In the US, we estimate a slowdown in growth for the third quarter of 2013 to 2% (annualized), compared to 2.5% for the second quarter. A similar rate is also expected for the first quarter of 2014, when we expect a firmer resolution of the issues of sequestration and the debt limit. After that we expect growth to accelerate. For the whole of 2013, we estimate an average annual rate of growth of 1.6%, showing a significant slowdown compared to the 2.8% growth in 2012, while for 2014 we expect acceleration to 2.6%.
In the Eurozone, we estimate that there was a marginal slowdown during the third quarter of 2013, with a growth rate of 0.2% (quarterly rate), compared to 0.3% for the second quarter. Growth of the order of 0.2% - 0.3% is considered sustainable until the end of 2014. Therefore, for the whole of 2013, we estimate an average annual rate of contraction of real GDP by 0.3%, showing an improvement over the -0.6% in 2012 while, for 2014, growth is expected to recover to 1.1%.
Once again, increased uncertainty, which is countered by excess liquidity, is a positive factor for risky securities. Avoiding two potentially significant risks (tapering & debt limit) might support current positive market momentum, but what should also be taken into account is that the combination of low interest rates and low volatility is ideal for creating excesses, but is also conducive to an environment of, potentially increased, investment risk.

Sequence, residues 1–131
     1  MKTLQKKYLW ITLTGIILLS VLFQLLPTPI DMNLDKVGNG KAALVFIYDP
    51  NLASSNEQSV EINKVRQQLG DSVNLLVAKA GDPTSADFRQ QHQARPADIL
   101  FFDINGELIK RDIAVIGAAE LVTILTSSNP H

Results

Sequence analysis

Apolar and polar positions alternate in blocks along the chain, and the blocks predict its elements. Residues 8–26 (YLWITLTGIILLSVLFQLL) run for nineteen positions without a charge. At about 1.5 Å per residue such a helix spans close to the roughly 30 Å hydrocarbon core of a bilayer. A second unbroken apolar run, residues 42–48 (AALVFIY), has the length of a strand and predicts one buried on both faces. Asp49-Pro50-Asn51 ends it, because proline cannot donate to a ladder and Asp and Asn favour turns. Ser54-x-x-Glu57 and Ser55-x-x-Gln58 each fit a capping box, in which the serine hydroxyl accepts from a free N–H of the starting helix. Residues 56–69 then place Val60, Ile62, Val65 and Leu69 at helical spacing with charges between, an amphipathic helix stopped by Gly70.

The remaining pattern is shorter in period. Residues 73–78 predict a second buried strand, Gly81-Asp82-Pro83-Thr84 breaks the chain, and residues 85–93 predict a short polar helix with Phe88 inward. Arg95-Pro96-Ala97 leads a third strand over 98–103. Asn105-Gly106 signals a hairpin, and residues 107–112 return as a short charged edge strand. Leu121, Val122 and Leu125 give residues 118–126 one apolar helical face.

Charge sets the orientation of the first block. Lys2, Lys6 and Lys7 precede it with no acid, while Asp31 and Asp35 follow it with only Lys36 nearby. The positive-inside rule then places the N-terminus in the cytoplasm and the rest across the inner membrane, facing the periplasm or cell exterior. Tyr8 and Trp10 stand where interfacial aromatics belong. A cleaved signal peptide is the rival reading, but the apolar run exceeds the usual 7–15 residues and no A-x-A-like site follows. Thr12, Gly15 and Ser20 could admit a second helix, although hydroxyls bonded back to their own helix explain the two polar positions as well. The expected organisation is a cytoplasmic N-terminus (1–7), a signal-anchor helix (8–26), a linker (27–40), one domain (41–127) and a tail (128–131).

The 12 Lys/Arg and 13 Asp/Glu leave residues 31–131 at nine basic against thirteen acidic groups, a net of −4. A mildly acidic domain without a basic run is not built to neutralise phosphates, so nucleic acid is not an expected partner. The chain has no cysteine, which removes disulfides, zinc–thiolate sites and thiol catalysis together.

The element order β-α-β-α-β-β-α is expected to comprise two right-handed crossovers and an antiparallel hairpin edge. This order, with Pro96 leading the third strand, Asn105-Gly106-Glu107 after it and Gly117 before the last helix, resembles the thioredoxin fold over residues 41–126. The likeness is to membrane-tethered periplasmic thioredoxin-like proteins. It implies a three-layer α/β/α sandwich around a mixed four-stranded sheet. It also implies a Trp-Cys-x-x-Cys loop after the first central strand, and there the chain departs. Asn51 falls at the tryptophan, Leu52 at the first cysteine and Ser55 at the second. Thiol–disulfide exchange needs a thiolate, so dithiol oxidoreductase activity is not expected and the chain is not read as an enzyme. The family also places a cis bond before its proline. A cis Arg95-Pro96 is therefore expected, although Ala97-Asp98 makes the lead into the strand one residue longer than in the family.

Particularly vulnerable are US equities that are at this point deemed expensive, but which still maintain a positive technical picture. In emerging countries, the overall picture is positive as both fundamental and technicals are positive. Concerns about Chinese liquidity mainly affect commodities, which have a negative overall rating. In the bond markets, low maturity US Treasury bonds are considered very expensive, but remain under the protection of the Fed. On the other hand, further “flattening” of the US curve, from the long end is possible. The EURUSD cross maintains a positive technical picture. However, it not only begins to deviate from previously tight relationships with bond market spreads (Germany vs. the USA, Germany vs. the European periphery) but also remains exposed to a future resurgence of "cohesion risk» in the Eurozone.